Semenya cannot escape gender controversy

Published : Aug 29, 2009 00:00 IST

South Africa’s Caster Semenya crosses the finish line to win the 800m gold.-AP
South Africa’s Caster Semenya crosses the finish line to win the 800m gold.-AP

South Africa’s Caster Semenya crosses the finish line to win the 800m gold.-AP

Caster Semenya's gold medal in the 800m should have been the proudest moment of the South African teenager's life. But for the athlete whose gender has been scrutinised the world over, it came as no surprise that she was advised to shun the media after her title-winning race.

As the cameras settled on the athlete who has lived her whole life as a female, onlookers pored over their TV screens, studying the woman now rumoured to be a man. Controversy has dogged the 18- year-old since she posted a world leading personal best time of 1 minute 56.72 seconds - an eight second improvement on her time last year - to win gold at the African Junior Championships in Mauritius in July. That's just 0.51 seconds slower than Kelly Holmes' career best.

Standing in lane four alongside Britain's diminutive Jenny Meadows - whose bronze medal was inevitably overshadowed by the hysteria - Semenya's notably developed frame was further exaggerated.

As the athletes took off, Semenya led from the start, determined to ignore the media speculation and focus on her race. The gold medal winner never looked threatened and finished well ahead of the pack with a new personal best of 1:55.45.

The International Association of Athletics Federations (IAAF) revealed that Semenya has been the subject of a gender verification process both in her native South Africa, and since she arrived in Berlin. The official investigation could take weeks to draw conclusions with an endocrinologist, a gynaecologist and a psychologist all involved.

Director of Communications, Nick Davies, was unable to say whether any retrospective action could be taken should Semenya be revealed to have issues surrounding her gender. "I can't say that if X happens in the future that we will, for example, retroactively strip results. It's legally very complex. It's a medical issue. It's not an issue of cheating. We're more concerned for the person not to make this something which is humiliating for her and something which is going to affect her in a negative way.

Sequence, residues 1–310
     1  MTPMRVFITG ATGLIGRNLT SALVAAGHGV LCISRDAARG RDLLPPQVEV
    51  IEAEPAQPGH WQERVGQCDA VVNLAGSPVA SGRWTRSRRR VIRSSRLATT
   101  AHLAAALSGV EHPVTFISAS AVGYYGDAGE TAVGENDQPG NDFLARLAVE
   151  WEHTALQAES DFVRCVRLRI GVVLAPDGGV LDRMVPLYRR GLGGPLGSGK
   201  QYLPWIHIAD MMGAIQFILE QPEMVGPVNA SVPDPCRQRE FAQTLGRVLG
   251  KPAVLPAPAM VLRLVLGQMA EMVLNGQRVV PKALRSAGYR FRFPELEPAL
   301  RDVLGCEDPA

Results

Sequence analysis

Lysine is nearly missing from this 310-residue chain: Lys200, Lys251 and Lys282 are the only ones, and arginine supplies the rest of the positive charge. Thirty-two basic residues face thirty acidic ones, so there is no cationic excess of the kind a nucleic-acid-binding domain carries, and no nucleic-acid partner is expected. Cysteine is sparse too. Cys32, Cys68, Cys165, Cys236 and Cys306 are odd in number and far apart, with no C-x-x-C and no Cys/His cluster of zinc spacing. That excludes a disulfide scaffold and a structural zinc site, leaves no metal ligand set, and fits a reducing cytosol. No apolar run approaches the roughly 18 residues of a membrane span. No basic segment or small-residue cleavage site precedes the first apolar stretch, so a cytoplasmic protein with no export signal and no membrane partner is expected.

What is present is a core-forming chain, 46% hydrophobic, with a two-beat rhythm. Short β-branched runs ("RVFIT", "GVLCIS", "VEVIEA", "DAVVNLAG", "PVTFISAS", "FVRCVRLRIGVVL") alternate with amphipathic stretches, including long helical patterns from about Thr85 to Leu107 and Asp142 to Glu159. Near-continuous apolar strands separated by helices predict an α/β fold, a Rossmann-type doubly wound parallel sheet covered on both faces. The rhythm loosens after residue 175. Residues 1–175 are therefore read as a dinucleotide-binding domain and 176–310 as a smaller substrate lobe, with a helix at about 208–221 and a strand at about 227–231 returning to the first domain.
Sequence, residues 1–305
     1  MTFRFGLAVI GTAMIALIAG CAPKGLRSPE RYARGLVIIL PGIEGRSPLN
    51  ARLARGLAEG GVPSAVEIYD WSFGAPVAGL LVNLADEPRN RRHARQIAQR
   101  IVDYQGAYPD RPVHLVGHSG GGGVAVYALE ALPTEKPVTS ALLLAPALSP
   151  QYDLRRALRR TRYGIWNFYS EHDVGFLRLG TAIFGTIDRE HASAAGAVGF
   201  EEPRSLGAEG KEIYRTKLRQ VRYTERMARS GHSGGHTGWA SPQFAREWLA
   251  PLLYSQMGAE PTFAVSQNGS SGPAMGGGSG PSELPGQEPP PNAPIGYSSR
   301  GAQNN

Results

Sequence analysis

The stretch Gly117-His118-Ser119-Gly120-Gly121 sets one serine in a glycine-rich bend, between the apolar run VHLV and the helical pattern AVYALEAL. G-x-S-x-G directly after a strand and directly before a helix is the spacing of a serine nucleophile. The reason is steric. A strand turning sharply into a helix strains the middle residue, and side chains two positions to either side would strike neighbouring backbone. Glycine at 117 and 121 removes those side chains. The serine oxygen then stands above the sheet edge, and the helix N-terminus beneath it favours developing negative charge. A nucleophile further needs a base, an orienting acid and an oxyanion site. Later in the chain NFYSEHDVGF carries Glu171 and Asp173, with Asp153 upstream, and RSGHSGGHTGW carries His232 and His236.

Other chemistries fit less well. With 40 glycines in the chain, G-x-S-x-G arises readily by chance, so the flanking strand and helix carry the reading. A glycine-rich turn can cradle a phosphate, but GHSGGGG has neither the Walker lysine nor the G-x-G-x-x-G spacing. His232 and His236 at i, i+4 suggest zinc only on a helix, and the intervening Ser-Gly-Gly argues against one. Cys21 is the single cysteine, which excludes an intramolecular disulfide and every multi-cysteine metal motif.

This is why you will appreciate we have to be discreet. She is a human being who was born as a woman and who has grown up all her life as a woman but who is now in a position where this is being questioned."

Davies' Words suggest that the IAAF are dealing with a sensitive case. Such situations are not altogether unusual in sport. Earlier this year, tennis player Sarah Gronert - a 22-year-old German competing on the WTA tour - had her gender questioned when it was revealed that she was born with both male and female genitalia. Gronert had surgery aged 19 and is now legally considered a woman. At the 1936 Olympics, in the same Berlin stadium, Stella Walsh won silver in the 100 yard dash. After her death, an autopsy revealed she possessed male genitalia as well as female characteristics.

Smiling through the media storm, Meadows celebrated her medal - the first of the 27 year-old's career - and new status as the third fastest British woman in history after posting a personal best time of 1:57.93. She was clearly delighted, politely steering clear of controversy, describing the winner as a "great athlete".

Meadows, who looked out of the medals with 40m to go, pushed hard to earn her title and admitted she had been "disappointed" to earn that she had not made silver. She finished just 0.03 of a second behind Janeth Jepkosgei Busienei of Kenya.

"It's an absolute dream come true," said Meadows. "All the young athletes out there should know that I never made it to a junior final, I was always stuck in the relay. People never thought I would make it but here I am in my first major championships final and I'm number three in the world. It proves you should never say never, you should always believe in yourself. If you work hard and keep the faith, good things will happen."

© Guardian Newspapers Limited 2009

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